Another key dynamic: many Republicans, including opponents of the private option, believe that a minority of lawmakers blocking the entire Medicaid budget over a demand to end the private option (and kick 100,000 Arkansans off of coverage) would be a political disaster for the Republican party, with implications for the 2014 statewide races for governor and senator, and control of the House. There is a subset of no votes that privately are hoping the private option will pass for this reason, but don’t want to be the ones to take the political heat. 

Many lawmakers believe that the standoff in the House at this point is rooted in the fact that around four or five legislators currently voting no made assurances to Bell and private option proponents that they would vote for the private option if his amendment banning outreach was added. The Bell amendment thus far has picked up only Bell, along with the implicit support of Americans for Prosperity. The Bell amendment itself was reportedly added only after long negotiations in which lawmakers in Bell’s camp made commitments of support on which they have not thus far followed through — if that’s true, it helps explain why Carter has ruled out negotiating further.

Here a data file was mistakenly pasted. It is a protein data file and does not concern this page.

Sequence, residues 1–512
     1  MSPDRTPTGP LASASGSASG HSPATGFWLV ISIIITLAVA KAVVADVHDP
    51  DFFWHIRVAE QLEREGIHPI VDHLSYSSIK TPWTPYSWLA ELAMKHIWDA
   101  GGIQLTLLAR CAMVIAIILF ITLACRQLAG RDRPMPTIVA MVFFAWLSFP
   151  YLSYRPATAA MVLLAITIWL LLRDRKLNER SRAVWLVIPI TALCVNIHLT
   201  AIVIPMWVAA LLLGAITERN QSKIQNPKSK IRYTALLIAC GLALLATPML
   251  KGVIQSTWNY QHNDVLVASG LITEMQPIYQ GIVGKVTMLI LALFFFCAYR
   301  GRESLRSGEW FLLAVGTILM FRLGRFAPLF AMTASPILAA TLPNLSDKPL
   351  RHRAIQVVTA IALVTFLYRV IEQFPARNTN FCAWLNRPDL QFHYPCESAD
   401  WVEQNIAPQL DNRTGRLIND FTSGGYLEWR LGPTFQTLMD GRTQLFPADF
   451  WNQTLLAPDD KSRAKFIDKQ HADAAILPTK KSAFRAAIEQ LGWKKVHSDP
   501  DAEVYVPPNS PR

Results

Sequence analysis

That is one possible way out this week: a group of lawmakers in the Bell group might collectively flip and make essentially the same speech that Bell did — they oppose the private option, but don’t see a responsible political endgame in this session facing an overwhelming majority in favor of the private option, so now it’s time to “do the people’s business.” Given that the Bell amendment was the key “get” in his tactical approach, this would have been a stronger speech to make last week than this week…but perhaps a demonstration of the impasse itself, after a week of failed votes, might have been necessary before some were willing to publicly take this approach. 

In addition to the Bell camp of private option opponents, attention naturally turns to the five Republicans who voted for the private option last year but thus far haven’t pushed the yes button this time around, despite the fact that 1) the policy, fully operational for just two months, has been working as intended, with the implementation going as well as even its biggest proponents could have hoped and 2)  the bill is more conservative this year after amendments from Rep. Nate Bell and Rep. John Burris. There is little in the way of substantive policy reasons to explain why Rep. Ann Clemmer, Rep. John Hutchison, Rep. Mary Lou Slinkard, Rep. Les Carnine, and Rep. Allen Kerr supported the measure last spring but are balking this winter.